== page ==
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Renderings for Dwelling Place’s 2080 Union housing project, which aims to make home ownership more attainable for low-income families. Renderings for Dwelling Place’s 2080 Union housing project, which aims to make home ownership more attainable for low-income families. COURTESY OF DESTIGTER ARCHITECTURE LLC

Dwelling Place set to break ground on 42-unit community land trust housing project

BY Wednesday, January 11, 2023 02:31pm

GRAND RAPIDS — Nonprofit housing developer Dwelling Place plans to break ground this spring on a years-long project to build 42 homes in Grand Rapids’ Garfield Park Neighborhood. 

At least half of the homes constructed at 2080 Union Ave. SE will be sold under a community land trust model. This will allow buyers to obtain a mortgage for about 75 percent of their home’s value, and preserve the affordability of the homes on a long-term basis. If more philanthropic support comes through for the development, additional units will be sold under the land trust model, said Dwelling Place CEO Jeremy DeRoo. 

“We still have about ($500,000) of fundraising we’re hoping we can do to expand the economic diversity in the development,” DeRoo said. “If interest rates drop over the next 12 months, that will also expand the range of purchase power as well.”

The 2080 Union project should break ground sometime this spring with the first homes completed before the end of 2023, DeRoo said. Nonprofit leaders expect to construct about three homes per month after that until the project is complete, he said.

Dwelling Place typically develops rental units to serve lower income families, but the organization recognized the need for home ownership, leading to a community land trust model to allow for more affordable home ownership, DeRoo said.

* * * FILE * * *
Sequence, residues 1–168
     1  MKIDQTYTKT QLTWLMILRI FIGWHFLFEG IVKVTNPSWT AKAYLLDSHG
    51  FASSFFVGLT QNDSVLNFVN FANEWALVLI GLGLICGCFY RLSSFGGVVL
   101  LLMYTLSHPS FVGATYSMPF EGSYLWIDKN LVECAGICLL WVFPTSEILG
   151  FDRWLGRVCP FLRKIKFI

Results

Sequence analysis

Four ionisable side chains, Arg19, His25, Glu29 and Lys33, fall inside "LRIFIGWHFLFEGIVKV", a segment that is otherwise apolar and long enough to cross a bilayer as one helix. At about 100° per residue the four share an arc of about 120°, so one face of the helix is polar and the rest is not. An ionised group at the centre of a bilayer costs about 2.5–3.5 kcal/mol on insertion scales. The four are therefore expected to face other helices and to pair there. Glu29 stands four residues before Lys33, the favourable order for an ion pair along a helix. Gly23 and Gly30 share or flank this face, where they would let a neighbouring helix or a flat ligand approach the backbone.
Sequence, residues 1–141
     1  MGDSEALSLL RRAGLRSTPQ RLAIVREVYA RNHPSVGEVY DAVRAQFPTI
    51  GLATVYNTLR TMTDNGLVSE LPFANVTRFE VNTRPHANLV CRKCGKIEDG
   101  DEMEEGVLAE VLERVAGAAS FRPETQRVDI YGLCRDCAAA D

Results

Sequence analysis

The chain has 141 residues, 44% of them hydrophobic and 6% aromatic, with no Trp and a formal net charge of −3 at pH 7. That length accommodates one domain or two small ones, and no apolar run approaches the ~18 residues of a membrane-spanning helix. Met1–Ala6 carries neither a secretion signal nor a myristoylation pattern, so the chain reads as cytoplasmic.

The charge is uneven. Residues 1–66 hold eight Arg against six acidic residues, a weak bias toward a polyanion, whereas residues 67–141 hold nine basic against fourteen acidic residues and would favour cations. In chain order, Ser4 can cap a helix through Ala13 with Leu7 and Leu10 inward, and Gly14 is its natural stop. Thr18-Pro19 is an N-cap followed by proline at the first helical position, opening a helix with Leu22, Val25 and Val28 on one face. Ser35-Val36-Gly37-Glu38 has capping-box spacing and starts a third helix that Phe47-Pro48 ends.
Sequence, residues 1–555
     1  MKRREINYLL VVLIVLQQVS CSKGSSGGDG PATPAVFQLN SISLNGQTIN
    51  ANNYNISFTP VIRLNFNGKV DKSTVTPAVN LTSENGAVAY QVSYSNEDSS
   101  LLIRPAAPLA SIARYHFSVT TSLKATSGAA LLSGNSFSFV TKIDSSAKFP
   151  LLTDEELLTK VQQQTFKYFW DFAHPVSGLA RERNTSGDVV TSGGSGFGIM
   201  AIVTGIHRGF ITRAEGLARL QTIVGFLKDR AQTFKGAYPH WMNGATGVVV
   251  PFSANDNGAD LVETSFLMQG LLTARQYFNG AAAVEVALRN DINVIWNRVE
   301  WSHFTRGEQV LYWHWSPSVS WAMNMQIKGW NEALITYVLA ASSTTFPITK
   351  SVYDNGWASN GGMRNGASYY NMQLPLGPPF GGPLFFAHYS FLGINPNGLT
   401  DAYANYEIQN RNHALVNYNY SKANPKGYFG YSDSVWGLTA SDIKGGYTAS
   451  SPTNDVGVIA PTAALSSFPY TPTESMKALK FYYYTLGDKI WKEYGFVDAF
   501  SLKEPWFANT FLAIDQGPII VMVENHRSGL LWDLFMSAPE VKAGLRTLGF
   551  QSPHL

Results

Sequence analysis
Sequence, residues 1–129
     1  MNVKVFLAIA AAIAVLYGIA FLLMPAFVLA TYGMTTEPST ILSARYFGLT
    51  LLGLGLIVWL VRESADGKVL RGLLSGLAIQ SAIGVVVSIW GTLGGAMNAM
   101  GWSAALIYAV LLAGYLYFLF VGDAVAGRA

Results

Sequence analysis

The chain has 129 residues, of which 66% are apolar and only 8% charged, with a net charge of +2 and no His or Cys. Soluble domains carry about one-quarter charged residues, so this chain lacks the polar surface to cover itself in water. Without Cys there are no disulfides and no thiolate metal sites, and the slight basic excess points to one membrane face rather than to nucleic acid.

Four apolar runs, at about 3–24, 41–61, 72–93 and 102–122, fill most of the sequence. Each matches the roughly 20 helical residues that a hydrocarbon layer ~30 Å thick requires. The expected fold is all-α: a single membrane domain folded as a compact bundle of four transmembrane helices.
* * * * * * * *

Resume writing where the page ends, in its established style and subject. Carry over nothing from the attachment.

“West Michigan has always been a place where home ownership was within a plan, not just a dream for people,” DeRoo said. “Over the last five years or so, as property values have significantly increased, that dream has become inaccessible for more and more people. Historically, the market here has provided houses at prices that low-to-moderate income families could afford, but that’s not happening anymore. Even median income earning families can not afford homes right now.”

An application pool will be opened where people can apply to buy condominium units in the project once they are completed. Selection criteria will be geared toward people who are already living in the area or that have a connection to the neighborhood, DeRoo said.

About 700 people have expressed interest in purchasing housing in the project, DeRoo said.

The project received some pushback from surrounding residents who expressed concerns during city planning meetings in 2021. Most of the detractors said they were worried about increased traffic in the area and were concerned that the development would be constructed poorly to achieve affordability. 

Grand Rapids-based Destigter Architecture LLC designed the project, and has “done a fantastic job” of working with nearby residents and making sure the project is designed so it fits in with the surrounding community, DeRoo said. 

The flow of the neighborhood is designed to have connectivity throughout, with a shared greenspace for residents. The units will be about 1,100 square feet with single- and two-story designs. The community land trust units will serve low- and moderate-income families. All of the homes will be sold to families in the 80-110 percent area median income range, DeRoo said.

Pinnacle Construction Group is the general contractor for the project, and has been working diligently over the years to make sure this is achieved in a way that is still financially feasible, DeRoo added.

“This project has been in the works for three or four years now. We did not expect to have to seek $2.5 million of gap financing from the state, but with the housing market and high cost of construction, it was necessary,” DeRoo said.

Dwelling Place was one of four West Michigan housing organizations that received funding from the state’s Missing Middle Housing Program. The funding round was announced in December 2022 to help Michigan families put down roots in their communities, and is funded by $50 million from the federal American Rescue Plan Act (ARPA).

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